Saturday, September 08, 2007

Upstate-Downstate Food and Farm Caravan Final Day


By Hank Herrera

Managing Director, New York Sustainable Agriculture Working Group

September 8, 2007 – Day 6

Manhattan

We left Glynwood at 5:00 a.m. to reach Union Square for a live television interview with Mark at 7:30 a.m. We arrived a bit before 7:00 a.m. and after some delays Mark did the interview. City Harvest, a partner with Farm Aid for the Concert, attended this press event to bring attention to the food drive that will take place at the concert. Concertgoers can bring nonperishable food to the concert. City Harvest volunteers will be at the entrances collecting the food for distribution to hungry New Yorkers in the five boroughs.

With the demands of setting up for Farm Aid’s Celebration of Farm and Food at the Greenmarket in Union Square we needed to move the City Harvest and Foodlink trucks as quickly as possible. Mark, Max and I drove back uptown to the concert at Randall’s Island. Very quickly after we arrived the catering staff took over the truck, using it as another cooler.

So here we are backstage at Farm Aid’s 2007 concert site. We arrived. We made it—six wonderful days of travel, visiting 16 amazing farms, eating incredible fresh, local food. From Liz Henderson’s sweet cherry tomatoes to the roasted Berkshire pork last night at Greig Farm, from Evans Creamery cheddar cheese to roasted chicken from Herondale Organic Farm, we had an endless feast of the best food anyone can imagine.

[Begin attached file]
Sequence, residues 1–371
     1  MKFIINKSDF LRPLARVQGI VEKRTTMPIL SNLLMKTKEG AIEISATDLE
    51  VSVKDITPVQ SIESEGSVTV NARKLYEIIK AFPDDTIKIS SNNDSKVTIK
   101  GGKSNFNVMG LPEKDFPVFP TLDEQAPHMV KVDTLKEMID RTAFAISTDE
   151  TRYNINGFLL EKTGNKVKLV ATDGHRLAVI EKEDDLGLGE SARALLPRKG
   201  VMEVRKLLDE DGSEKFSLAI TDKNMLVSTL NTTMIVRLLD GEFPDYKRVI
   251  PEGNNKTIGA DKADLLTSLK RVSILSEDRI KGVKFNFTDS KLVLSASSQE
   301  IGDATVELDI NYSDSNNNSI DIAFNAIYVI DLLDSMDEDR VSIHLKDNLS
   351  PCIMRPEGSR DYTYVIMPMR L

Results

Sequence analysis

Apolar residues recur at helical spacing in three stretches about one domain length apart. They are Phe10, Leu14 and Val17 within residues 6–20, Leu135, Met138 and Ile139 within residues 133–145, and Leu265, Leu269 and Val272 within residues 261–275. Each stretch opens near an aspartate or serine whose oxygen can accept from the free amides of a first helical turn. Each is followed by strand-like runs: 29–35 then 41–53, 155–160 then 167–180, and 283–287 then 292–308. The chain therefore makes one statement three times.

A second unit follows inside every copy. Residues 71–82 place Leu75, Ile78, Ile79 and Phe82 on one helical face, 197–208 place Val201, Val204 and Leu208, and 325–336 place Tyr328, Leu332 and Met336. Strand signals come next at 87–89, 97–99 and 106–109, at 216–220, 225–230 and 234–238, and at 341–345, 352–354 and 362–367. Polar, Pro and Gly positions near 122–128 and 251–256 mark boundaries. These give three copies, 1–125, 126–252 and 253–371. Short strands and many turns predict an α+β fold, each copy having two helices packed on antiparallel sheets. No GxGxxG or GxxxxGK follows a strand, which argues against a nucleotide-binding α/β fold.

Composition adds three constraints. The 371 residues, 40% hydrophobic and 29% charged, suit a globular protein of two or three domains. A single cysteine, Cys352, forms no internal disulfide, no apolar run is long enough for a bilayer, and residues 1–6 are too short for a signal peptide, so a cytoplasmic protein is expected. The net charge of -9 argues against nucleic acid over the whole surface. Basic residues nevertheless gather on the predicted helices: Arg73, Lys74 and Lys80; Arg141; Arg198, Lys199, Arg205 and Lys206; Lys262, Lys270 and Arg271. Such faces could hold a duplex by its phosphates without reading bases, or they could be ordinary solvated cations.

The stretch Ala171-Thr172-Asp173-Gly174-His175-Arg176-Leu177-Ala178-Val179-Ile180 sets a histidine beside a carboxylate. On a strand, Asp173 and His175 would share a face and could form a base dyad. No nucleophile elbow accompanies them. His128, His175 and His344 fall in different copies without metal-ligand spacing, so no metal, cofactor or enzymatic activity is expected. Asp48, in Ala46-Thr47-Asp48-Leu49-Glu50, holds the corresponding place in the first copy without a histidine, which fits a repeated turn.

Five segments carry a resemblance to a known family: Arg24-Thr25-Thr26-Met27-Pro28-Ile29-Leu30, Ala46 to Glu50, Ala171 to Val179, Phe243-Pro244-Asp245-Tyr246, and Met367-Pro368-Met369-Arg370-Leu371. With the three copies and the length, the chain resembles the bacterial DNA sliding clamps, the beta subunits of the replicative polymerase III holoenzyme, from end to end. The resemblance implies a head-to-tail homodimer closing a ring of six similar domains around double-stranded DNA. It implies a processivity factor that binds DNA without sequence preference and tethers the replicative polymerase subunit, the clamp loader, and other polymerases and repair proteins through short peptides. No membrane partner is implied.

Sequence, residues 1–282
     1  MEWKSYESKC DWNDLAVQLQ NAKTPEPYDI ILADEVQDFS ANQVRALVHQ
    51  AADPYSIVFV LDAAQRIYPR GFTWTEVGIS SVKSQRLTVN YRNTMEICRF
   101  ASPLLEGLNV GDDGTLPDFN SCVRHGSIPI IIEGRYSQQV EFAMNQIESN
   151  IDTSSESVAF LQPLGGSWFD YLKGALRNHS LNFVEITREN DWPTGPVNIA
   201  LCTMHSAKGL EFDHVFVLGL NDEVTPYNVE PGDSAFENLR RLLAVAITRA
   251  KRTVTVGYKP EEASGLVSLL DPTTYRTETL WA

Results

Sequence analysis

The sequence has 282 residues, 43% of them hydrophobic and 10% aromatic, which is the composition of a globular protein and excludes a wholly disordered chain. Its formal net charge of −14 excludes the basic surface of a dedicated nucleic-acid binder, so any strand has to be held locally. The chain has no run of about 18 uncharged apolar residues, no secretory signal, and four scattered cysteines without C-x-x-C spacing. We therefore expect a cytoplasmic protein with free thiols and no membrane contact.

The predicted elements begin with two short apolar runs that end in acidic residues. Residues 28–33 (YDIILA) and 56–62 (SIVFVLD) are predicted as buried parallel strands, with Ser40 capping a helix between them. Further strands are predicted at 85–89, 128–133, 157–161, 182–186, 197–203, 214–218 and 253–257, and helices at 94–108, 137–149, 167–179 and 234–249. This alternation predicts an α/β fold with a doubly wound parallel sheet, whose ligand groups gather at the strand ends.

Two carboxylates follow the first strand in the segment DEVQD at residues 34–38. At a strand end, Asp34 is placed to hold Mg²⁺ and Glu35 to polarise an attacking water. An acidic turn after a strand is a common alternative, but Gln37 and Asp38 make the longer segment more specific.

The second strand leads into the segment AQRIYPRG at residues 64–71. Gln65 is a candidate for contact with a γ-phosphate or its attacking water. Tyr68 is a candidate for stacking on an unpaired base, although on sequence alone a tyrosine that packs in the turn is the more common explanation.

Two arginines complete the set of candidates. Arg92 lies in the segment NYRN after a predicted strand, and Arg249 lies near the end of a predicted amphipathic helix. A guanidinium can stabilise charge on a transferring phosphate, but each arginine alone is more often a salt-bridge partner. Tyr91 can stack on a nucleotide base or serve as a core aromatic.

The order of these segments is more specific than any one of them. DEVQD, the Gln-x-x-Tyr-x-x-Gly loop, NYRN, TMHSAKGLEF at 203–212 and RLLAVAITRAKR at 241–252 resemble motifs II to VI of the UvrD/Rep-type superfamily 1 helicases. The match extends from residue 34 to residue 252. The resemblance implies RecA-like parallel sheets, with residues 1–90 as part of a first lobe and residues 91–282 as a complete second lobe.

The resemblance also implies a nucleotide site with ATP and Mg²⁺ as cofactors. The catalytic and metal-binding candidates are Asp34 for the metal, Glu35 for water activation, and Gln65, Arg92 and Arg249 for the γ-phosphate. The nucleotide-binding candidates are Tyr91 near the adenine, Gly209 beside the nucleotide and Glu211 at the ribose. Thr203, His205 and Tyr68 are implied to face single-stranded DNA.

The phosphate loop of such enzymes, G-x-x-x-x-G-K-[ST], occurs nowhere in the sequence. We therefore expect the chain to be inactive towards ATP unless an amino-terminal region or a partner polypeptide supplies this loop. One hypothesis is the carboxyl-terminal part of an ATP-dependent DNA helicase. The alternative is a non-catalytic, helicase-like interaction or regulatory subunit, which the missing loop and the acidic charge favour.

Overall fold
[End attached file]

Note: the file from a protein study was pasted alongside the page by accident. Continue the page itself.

I have enjoyed every minute of this journey. I want to thank Mark Smith, Laura Freden, Joel Morton and Carolyn Mugar of Farm Aid for their genuine embrace of our participation, unfailing generosity and hospitality.

I have learned more about New York agriculture on this six-day journey than I had ever learned before. I am startled to realize how little I knew about our farmers and our farms. I take away from our experience a much deeper appreciation for the people who dedicate their lives to producing our food in the most caring way possible.

There is so much more to learn and to share with the people who take eating for granted—and pretty much that is all of the rest of us who do not farm. There is a great diversity of farming practices in New York State but everyone we met wanted us to know about and appreciate their commitment to producing the highest quality food and to practicing wise stewardship of the land. Agriculture goes beyond good food to the essence good living itself—with good living with family, friends and in community.

Finally I would like to mention my struggle with superlatives on this trip. There are only so many ways to say excellent, outstanding, stupendous, the best, la crème de la crème, it couldn’t be better. I have used them all because they all fit the extraordinary food that our New York farmers produce. We are blessed. Thanks, Farm Aid, for making sure we know it.




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